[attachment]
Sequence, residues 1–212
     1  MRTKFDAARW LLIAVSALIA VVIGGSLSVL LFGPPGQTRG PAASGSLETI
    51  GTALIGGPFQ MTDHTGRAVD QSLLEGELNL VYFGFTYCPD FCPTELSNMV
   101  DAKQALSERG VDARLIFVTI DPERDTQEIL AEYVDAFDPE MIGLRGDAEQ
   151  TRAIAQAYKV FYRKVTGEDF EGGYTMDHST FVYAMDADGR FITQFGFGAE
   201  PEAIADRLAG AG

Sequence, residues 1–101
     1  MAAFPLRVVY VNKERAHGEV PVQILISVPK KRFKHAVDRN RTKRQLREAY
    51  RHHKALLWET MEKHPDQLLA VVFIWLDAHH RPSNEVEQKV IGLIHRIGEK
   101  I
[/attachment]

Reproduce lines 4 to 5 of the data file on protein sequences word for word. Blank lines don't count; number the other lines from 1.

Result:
   101  DAKQALSERG VDARLIFVTI DPERDTQEIL AEYVDAFDPE MIGLRGDAEQ
   151  TRAIAQAYKV FYRKVTGEDF EGGYTMDHST FVYAMDADGR FITQFGFGAE